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From Voytek Jarnot <>
Subject Re: Read efficiency question
Date Fri, 30 Dec 2016 19:38:43 GMT
Thank you Janne.  Yes, these are random-access (scatter) reads - I've
decided on option 1; having also considered (as you wrote) that it will
never make sense to look at ranges of key3.

On Fri, Dec 30, 2016 at 3:40 AM, Janne Jalkanen <>

> In practice, the performance you’re getting is likely to be impacted by
> your reading patterns.  If you do a lot of sequential reads where key1 and
> key2 stay the same, and only key3 varies, then you may be getting better
> peformance out of the second option due to hitting the row and disk caches
> more often. If you are doing a lot of scatter reads, then you’re likely to
> get better performance out of the first option, because the reads will be
> distributed more evenly to multiple nodes.  It also depends on how large
> rows you’re planning to use, as this will directly impact things like
> compaction which has an overall impact of the entire cluster speed.  For
> just a few values of key3, I doubt there would be much difference in
> performance, but if key3 has a cardinality of say, a million, you might be
> better off with option 1.
> As always the advice is - benchmark your intended use case - put a few
> hundred gigs of mock data to a cluster, trigger compactions and do perf
> tests for different kinds of read/write loads. :-)
> (Though if I didn’t know what my read pattern would be, I’d probably go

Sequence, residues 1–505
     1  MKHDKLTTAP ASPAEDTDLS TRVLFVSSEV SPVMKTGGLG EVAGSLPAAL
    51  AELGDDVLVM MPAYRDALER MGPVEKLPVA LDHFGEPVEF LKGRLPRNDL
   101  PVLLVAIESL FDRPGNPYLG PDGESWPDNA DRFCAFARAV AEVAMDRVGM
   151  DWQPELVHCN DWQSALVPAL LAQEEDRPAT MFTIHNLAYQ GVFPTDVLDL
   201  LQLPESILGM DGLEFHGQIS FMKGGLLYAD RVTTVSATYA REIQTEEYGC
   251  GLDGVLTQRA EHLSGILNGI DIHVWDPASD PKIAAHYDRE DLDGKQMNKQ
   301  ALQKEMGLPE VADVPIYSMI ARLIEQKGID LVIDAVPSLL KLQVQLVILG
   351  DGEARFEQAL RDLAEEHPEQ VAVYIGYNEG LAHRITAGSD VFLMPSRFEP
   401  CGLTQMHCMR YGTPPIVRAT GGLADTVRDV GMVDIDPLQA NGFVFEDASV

> for option 1 purely on a gut feeling if I was sure I would never need range
> queries on key3; shorter rows *usually* are a bit better for performance,
> compaction, etc.  Really wide rows can sometimes be a headache
> operationally.)
> May you have energy and success!
> /Janne
> On 28 Dec 2016, at 16:44, Manoj Khangaonkar <> wrote:
> In the first case, the partitioning is based on key1,key2,key3.
> In the second case, partitioning is based on key1 , key2. Additionally you
> have a clustered key key3. This means within a partition you can do range
> queries on key3 efficiently. That is the difference.
> regards
> On Tue, Dec 27, 2016 at 7:42 AM, Voytek Jarnot <>
> wrote:
>> Wondering if there's a difference when querying by primary key between
>> the two definitions below:
>> primary key ((key1, key2, key3))
>> primary key ((key1, key2), key3)
>> In terms of read speed/efficiency... I don't have much of a reason
>> otherwise to prefer one setup over the other, so would prefer the most
>> efficient for querying.
>> Thanks.
> --

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